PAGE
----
When you imagine uses for open-source 3D imaging software, medical applications don’t immediately spring e to mind. But at The Scientific Computing and Imaging Institute and The Center for Integrative Biomedical Computing at the University of Utah, the focus is precisely on how to apply 3D imaging and visualization to help advance medical treatments and therapies. Even better, they have gone on to develop 15 different open- source software programs that do everything from processing images to rendering complicated 3D models. The researcher team includes biologists, bio-engineers, computer scientists, mathematicians, and medical doctors among others, so it’s clear that they’ve thought about a lot of angles that might be missed by those focused in on just one research area.
Here are two examples of the open-source software anyone can download and what it can do. Seg3D is a tool allows users to explore images comprised of 3D volumes using “volume rendering and orthogonal slice view windows.” But what are the practical applications? For one, it can be used to simulate bone growth, as illustrated in these images, under electric stimulation. The study is built upon other clinical trials that showed bone growth improve with electric stimulation. Using the simulation offered by Seg3D, which includes generating accurate skeletal, as well as neuromuscular segment models, the study was able to expand upon earlier clinical findings significantly.
3D reconstruction of bone using Seg3D, image via www.sci.utah.edu
ImageVis3D is a volume-rendering program that has three design goals. It strives to be simple with a flexible user interface. Scalability means users can use laptops and “high end graphics workstation[s]” to “explore terabyte sized data sets.” And interactivity means that the program itself can be reused and extended in parts by other developers. If that isn’t enough, they’ve made a mobile app for it.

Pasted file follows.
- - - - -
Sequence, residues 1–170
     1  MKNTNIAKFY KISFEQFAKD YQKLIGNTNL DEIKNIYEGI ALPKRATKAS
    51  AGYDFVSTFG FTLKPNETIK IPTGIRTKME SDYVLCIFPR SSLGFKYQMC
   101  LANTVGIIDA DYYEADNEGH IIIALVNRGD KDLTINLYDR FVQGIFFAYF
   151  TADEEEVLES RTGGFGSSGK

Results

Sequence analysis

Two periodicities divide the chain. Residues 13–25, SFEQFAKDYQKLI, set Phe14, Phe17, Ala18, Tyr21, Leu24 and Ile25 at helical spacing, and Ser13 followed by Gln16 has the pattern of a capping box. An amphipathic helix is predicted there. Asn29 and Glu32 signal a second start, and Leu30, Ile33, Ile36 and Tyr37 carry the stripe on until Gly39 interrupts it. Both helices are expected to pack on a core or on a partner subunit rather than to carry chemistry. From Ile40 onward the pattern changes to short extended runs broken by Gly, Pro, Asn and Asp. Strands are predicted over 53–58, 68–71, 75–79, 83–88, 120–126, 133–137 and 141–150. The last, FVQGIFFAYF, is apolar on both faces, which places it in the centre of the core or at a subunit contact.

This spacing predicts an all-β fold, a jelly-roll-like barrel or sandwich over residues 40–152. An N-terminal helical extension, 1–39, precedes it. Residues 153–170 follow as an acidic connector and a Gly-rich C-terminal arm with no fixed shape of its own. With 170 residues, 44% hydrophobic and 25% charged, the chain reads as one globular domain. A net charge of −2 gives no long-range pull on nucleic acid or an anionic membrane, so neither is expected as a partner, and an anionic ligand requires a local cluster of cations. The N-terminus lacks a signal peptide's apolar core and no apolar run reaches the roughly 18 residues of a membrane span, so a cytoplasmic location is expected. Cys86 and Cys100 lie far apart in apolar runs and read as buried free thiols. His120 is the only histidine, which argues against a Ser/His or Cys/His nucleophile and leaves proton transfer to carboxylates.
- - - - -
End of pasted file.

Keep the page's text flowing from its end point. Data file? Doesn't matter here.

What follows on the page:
Torso model using ImageVis3D, image via www.sci.utah.edu
Like Seg3D, this program also is used for biomedical simulation of 3D volumes. Without getting too technical, it combines the processes of most other simulation studies used in biomedicine, called image-based geometric modeling. The problem with this type of simulation is that it requires a lot of computer technical skill and knowledge not readily accessible by users in biomedicine. Therefore, the developers combined the complexity of IBGM with a bottom-up software development approach that focuses on “standalone software systems for tasks that are ubiquitous across many projects.” Translation: more general, easier-to-use software. The result is a set of tools that are easily accessible to those unfamiliar with complicated computer knowledge but that can render complex biomedical models. Its accessibility is supported by a mobile app for the program.
Every one of these 15 programs allows researchers to investigate and potentially solve some very complex medical conditions. And they are all free. The labs only ask that users acknowledge the software in their publications so the researchers can continue receiving grant funding. It’s that easy.
Sherin Wing writes on social issues as well as topics in architecture, urbanism, and design. She is a frequent contributor to Archinect, Architect Magazine and other publications. She is also co-author of The Real Architect’s Handbook. She received her PhD from UCLA. Follow Sherin on Twitter at @xiaying
For Previous Lab Reports follow this link.